Updated: March 28, 2019
Loading up your credit cards just before you file for bankruptcy might be something you live to regret. Debts from purchases and cash advances taken just before filing for bankruptcy aren't always discharged, or extinguished, by the bankruptcy.
Be assured that certain purchases are on your creditor's radar, including luxury goods purchased within 90 days of the bankruptcy and cash advances taken within 70 days of the bankruptcy. The determination that these debts will survive the bankruptcy is not automatic, but the law gives creditors a big advantage in court.
If you purchase items on credit knowing that you won't pay the bill, it's considered fraud. Debts obtained through fraud are not dischargeable in bankruptcy. There are different types of fraud in bankruptcy, and what the creditor must prove is easier depending on the circumstances.
When these purchases aren't for luxury items or were made more than 90 days before the bankruptcy filing, the creditor has to prove to the court that the purchaser didn't intend to pay at the time the purchase was made. This is an onerous burden of proof because the creditor has to show subjective intent and not just an inability to pay. In other words, it is not enough to show that you used your credit card during bad financial times or that it was unlikely that you would be able to pay. The creditor has to prove to the court that you never intended to pay.
Even so, the inability to pay is considered a hallmark of fraud. When coupled with other evidence, such as meeting with a bankruptcy attorney, a case can build fast.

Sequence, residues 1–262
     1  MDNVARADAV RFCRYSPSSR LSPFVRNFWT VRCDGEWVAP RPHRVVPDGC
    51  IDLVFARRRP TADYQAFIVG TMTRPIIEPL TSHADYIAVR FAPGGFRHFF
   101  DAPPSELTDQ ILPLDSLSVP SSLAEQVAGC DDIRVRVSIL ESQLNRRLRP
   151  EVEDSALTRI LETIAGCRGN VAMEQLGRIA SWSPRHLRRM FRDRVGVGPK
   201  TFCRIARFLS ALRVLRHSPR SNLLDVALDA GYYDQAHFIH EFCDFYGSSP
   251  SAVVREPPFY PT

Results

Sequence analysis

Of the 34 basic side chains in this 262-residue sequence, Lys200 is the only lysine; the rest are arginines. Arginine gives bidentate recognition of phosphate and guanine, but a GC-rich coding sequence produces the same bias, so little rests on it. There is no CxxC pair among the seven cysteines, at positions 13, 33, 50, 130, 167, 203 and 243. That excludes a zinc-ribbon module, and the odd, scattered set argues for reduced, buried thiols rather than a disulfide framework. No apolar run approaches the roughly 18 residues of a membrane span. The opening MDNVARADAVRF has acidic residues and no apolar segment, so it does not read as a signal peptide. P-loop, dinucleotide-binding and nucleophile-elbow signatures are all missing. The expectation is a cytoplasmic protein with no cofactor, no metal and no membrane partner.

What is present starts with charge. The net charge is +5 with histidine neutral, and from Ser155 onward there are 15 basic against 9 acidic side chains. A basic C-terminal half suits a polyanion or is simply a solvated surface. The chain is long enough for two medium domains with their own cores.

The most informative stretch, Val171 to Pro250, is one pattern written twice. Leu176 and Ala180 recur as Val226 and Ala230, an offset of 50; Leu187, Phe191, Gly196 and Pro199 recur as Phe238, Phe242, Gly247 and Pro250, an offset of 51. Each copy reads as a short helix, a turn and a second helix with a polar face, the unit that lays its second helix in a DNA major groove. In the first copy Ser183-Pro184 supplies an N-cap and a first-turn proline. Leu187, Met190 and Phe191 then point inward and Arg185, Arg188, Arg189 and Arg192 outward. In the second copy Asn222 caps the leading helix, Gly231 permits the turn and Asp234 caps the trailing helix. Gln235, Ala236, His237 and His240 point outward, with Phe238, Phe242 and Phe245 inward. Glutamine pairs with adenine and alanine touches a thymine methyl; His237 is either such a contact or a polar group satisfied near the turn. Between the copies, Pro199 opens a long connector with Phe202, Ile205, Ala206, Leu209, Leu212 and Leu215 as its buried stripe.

However, when the purchases are for luxury items, and the charge occurred within 90 days before filing for bankruptcy, the law presumes that you made these charges fraudulently. It is much harder to discharge these types of debts. The same holds for cash advances taken within 70 days of a bankruptcy filing.
For more general information on credit card debt in bankruptcy see Credit Card Debt in Bankruptcy.
The presumptive fraud rule prevents a debtor from discharging credit card purchases from one creditor for luxury items made within 90 days of a bankruptcy filing if the total amount of those charges is greater than $725. (This figure is accurate for cases filed between April 1, 2019, and March 31, 2022.)
Any lavish purchases made on credit during the 90 days before the bankruptcy filing are presumed to be fraudulent. The creditor doesn't have to present evidence to the court that there was no intent to pay at the time that the purchases were made to prove fraud. As long as the debtor made the purchases in the 90-day period, the creditor need only file an adversary proceeding (lawsuit in the bankruptcy court called a complaint to determine dischargeability).
While it is technically the creditor's burden to show that the purchases were for luxury items, you are often stuck with the debt unless you can convince the court that the purchases were not for luxury items. If you challenge the creditor's characterization of a particular charge as a luxury item, the judge will make the determination after a trial on the matter.